Twitter, and the other social networks, are not public services; they are entitled to define whatever rules for usage that they like, and you can either follow those rules or stop using the service.

But these incidents raise a larger question. People write rules all the time, but when it comes to technology, they then encode these rules into Rules and make the detection of infringements the province of automated systems.

That’s fine, too – there’s far too much activity for human agencies to sift through it all, looking for red flags. But no algorithm is perfect, when it’s monitoring human activity. It can’t be; we don’t normally reduce to neat lines; there is always some fuzziness. And that becomes a problem when the same automated systems also initiate action.

The Need For Speed

And yet, there is a need for a speedy response to allegations of spam or other misuse of technology. Even an additional ten minutes can permit hundreds, thousands, or tens of thousands more to be victimized by undesirable behavior. The obvious solution is for enforcement actions to be subject to human review – but not only would this be mind-numbingly dull, since most of the decisions would be correct, but it would be expensive. So the system in place relies on the occasional incorrectly-targeted individual requesting a review of the decision. Those who knowingly broke the rules won’t bother appealing because they know they will lose. You could even make the argument that appealing such an automated decision is prima facae evidence of innocence.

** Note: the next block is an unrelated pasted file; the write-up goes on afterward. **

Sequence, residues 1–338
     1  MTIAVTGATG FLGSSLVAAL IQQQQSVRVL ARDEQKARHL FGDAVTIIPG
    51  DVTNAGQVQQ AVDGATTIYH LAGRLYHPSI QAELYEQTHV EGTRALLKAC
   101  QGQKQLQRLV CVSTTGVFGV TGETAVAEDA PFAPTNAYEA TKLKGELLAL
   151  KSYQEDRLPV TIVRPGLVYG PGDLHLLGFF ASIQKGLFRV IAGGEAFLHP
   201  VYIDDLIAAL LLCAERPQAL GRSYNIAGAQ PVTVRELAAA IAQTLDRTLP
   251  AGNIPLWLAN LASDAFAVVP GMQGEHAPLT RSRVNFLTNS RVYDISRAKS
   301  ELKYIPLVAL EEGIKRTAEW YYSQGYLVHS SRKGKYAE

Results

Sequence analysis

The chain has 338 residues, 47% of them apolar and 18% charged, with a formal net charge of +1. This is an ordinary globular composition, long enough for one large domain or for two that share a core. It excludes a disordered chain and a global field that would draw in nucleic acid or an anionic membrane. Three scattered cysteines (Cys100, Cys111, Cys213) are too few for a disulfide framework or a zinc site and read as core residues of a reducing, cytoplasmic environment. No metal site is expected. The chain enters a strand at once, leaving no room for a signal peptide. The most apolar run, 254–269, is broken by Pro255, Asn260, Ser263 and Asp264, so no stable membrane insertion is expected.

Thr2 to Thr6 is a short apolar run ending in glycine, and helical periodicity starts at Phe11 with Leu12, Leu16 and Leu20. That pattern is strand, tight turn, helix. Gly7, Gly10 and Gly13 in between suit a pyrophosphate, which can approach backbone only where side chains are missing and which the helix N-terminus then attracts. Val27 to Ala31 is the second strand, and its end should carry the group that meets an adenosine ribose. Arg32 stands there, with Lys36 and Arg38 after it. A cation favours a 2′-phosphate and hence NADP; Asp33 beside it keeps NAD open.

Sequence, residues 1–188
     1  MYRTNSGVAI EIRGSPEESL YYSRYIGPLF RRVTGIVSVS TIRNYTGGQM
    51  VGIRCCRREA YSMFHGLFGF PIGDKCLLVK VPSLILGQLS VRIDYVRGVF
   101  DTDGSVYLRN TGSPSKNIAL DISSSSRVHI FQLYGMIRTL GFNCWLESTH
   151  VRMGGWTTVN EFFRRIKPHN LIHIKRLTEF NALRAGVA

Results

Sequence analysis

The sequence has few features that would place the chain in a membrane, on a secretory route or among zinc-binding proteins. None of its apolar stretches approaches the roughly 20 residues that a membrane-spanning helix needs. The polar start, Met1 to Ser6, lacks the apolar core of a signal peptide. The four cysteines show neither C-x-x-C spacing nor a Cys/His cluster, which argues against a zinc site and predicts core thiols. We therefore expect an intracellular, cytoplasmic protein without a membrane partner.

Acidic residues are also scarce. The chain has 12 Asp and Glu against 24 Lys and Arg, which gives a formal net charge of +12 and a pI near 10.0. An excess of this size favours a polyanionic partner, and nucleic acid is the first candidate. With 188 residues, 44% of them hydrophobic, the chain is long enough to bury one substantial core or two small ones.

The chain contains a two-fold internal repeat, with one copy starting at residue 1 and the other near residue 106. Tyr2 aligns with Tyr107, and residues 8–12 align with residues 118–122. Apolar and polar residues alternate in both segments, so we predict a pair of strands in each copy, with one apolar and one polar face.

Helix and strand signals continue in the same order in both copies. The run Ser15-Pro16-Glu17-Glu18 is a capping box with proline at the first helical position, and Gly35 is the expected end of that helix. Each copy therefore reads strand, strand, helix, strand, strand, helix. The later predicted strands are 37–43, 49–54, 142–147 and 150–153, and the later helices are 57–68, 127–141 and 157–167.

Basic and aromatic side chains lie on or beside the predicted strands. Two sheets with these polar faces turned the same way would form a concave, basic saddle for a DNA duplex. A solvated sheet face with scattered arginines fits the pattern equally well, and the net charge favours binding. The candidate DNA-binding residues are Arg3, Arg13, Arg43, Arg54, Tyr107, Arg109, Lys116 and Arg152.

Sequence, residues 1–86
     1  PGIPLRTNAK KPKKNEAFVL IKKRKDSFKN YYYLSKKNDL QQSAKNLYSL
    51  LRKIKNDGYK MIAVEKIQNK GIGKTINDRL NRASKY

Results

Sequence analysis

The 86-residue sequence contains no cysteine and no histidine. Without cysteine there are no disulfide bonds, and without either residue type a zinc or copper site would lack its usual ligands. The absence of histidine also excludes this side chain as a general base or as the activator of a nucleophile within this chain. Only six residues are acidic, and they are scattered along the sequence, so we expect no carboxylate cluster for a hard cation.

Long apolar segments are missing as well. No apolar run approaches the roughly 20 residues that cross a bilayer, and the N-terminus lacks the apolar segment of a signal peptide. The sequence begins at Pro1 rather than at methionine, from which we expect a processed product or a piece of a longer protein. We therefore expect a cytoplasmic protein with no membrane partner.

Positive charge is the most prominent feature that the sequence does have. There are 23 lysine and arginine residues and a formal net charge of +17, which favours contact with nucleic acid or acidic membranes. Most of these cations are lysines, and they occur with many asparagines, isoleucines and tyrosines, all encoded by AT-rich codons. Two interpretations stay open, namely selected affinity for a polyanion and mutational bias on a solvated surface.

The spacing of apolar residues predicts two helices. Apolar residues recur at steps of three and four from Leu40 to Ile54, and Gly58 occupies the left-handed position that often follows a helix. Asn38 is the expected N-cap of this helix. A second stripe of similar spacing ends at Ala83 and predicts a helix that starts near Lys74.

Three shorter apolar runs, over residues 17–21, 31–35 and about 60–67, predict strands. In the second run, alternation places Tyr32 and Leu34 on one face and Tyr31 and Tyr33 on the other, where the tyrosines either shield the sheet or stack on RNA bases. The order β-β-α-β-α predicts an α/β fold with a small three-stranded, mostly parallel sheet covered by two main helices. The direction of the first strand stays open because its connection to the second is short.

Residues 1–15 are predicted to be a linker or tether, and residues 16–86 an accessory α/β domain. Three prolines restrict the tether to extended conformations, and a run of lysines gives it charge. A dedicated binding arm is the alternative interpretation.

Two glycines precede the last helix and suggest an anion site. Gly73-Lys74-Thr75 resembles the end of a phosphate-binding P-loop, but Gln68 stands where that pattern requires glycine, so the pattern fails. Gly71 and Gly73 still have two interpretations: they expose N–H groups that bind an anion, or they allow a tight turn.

The Dimension-Regency Extrapolation

When I was creating the background for the setting of the current Zenith-3 campaign, Dimension-Regency, I extrapolated from systems that were being put in place in Sydney that not only automatically detected traffic infringements – speeding and running red lights – and automatically issued infringement notices to a future in which judicial decisions were made by Expert Systems in 2050. The discovery process produced an agreed-upon submission of facts, and these facts – and relevant arguments – were input into the system which produced a verdict. Appealing such a decision also needed to pass through this software – if the machine determined that there were valid grounds for appeal, or an unresolved point of law was identified, permission was granted to appeal to a human judge and jury. If no such reason was identified, the software refused leave to appeal and proceeded to a sentencing phase, which assessed the various relevant factors and produced a sentence that was informed by established social mores and lay somewhere between the minimum and maximum mandated sentences. Once again, permission to appeal the sentence might be appealed, using the same process already outlined.

The point was that 98% of lawsuits and criminal cases were resolved without requiring lengthy court procedures, cutting the court backlog massively.